Short Story (1,500 to 10,000 words)
For many years I considered myself a novelist and wouldn’t even consider writing a short story. I felt like there was no point to it. In fact, it wasn’t until last year that I started taking the medium more seriously, and for that I thank Ray Bradbury. The man is a wizard with short stories. If you have only read his longer work you’re really missing out.
For many writers the appeal of short stories is that they are so approachable. A novel, all 100,000 words, can be daunting to say the least. Especially for writers who have been struggling to reach the end of one long manuscript after another. The short story can seem friendlier, that is, until you start writing it.
It’s true that short stories tend to take less time to write, but that shorter word count means that ever word is doing five or ten or twenty times the work it would have done in a novel. That can be a heavy burden to bear. I have noticed that the shorter the work the more rewrites it requires as I make sure that every word I’ve used is pulling it’s own weight.
If your new to short stories you may run into the same problem I did. My first few attempts at short fiction were basically long stories that I ended early. My husband would get so frustrated when he got to the page that told him it was The End and he knew full well that the story wasn’t over yet. If you have a similar problem I would suggest one simple remedy: devour every book of short stories you can get your hands on. My favourite book of all time is The Illustrated Man, an incredible book of absolutely chilling shorts by Ray Bradbury.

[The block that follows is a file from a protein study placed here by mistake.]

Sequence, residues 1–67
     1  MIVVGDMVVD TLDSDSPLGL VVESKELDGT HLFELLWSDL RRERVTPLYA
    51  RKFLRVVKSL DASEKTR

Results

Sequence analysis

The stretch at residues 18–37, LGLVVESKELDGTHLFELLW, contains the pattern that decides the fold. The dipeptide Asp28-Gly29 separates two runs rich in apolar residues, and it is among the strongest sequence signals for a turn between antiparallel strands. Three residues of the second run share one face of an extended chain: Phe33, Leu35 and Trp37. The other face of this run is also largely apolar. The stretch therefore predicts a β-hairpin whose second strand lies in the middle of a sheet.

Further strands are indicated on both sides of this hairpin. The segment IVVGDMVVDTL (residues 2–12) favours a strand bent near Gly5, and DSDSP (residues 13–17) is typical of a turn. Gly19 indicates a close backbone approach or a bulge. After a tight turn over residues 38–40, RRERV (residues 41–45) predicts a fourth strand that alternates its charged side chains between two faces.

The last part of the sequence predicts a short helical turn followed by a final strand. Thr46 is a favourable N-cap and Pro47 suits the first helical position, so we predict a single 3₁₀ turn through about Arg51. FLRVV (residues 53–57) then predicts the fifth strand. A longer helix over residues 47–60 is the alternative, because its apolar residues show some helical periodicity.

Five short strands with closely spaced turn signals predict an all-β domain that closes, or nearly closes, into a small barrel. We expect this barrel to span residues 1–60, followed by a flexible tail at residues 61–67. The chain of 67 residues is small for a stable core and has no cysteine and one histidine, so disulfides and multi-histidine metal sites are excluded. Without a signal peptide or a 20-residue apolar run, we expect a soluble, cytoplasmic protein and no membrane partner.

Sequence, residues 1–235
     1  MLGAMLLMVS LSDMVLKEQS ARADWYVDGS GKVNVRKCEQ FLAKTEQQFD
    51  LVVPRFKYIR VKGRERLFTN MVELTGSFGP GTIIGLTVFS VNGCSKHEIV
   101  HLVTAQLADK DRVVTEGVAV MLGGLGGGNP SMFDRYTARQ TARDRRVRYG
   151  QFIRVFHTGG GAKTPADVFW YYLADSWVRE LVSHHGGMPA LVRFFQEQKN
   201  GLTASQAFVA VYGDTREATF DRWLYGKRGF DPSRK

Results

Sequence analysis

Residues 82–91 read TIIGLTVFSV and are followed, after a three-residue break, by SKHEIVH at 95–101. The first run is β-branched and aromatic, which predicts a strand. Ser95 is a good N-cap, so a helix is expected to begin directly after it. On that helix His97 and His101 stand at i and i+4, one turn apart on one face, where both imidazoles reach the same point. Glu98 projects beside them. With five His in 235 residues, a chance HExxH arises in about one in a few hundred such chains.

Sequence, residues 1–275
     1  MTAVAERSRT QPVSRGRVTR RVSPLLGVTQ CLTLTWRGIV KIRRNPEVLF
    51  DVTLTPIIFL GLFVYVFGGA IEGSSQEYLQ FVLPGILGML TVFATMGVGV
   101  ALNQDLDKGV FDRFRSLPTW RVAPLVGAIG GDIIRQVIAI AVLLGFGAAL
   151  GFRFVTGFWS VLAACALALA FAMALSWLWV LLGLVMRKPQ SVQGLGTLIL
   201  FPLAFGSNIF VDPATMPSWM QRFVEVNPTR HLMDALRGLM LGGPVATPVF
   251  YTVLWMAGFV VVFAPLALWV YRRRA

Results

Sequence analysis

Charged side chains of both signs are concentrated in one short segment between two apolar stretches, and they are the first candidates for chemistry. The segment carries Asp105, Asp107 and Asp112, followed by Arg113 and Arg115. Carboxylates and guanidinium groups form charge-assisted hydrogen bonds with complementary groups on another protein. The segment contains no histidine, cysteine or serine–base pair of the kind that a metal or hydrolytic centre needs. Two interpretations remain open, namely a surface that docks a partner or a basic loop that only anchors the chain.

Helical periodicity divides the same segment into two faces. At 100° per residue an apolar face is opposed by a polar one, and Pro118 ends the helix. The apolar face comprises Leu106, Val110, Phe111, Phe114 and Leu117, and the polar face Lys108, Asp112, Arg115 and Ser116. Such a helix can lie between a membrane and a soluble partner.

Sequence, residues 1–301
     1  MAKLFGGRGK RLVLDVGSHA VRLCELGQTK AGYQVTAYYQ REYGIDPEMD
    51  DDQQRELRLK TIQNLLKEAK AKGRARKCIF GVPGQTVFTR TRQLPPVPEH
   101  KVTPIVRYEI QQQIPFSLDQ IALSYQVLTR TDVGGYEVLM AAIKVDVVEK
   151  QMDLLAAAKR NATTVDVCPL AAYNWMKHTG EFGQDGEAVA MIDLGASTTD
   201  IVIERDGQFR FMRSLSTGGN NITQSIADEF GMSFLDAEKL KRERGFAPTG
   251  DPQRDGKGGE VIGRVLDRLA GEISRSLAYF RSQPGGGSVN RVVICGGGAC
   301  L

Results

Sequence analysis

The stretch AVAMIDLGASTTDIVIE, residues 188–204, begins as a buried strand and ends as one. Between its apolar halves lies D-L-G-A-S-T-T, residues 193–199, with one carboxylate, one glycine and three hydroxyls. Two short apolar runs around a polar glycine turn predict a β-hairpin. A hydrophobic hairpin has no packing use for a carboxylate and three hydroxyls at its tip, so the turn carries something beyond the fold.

Learn more about The Illustrated Man by Ray Bradbury
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Novellettes (7,500 to 25,000) and novellas (20,000 to 50,000)
I’m not sure how other people came to these in-between lengths but I know that for me it was by accident. A few years ago I set out to write a bad novel. Unfortunately, I fell in love with the characters along the way and ended up devoting almost two years to attempting to make it good. That never happened, but I did learn something along the way: some stories don’t need so many words. I had meant to hit at least 150,000 but by about 50,000 my story was well and told.
My fledgling writer self was convinced there was only one way to go about things and furiously tried to stretch the work out. But I discovered fairly quickly that every time the story got a little better, it actually got shorter. When it was done (though still not good) it measured a slim 39,000 poorly written words and I had had my first experience with what, at that point in my career, I thought was brevity.
Novels (40,000 to 150,000) and super novels (150,000 or more)
And now we’re on to the big guns.
Executing a good novel takes an enormous amount of work. You have to spend years honing your craft and learning to use every tool in your literary tool belt like an extension of your own body. It’s a huge challenge, one that millions have tried and failed.
I have tried my hand at quite a few and today I think I have matured enough as a writer to know that I’m just not ready. I have been honing my craft, practising, broadening my horizons and testing my limits in a self-lead apprenticeship for years but I know that I’m not capable of 100,000 words of good writing. Not yet.
They say wisdom is knowing not only what you can do but also what you can’t. And I say practise makes better and better. So practise. Practise the hell out of every length you can. Learn brevity and careful diction in smaller arenas so that when you get to novels and super novels you’ll be well prepared to create an entire world with just your pen.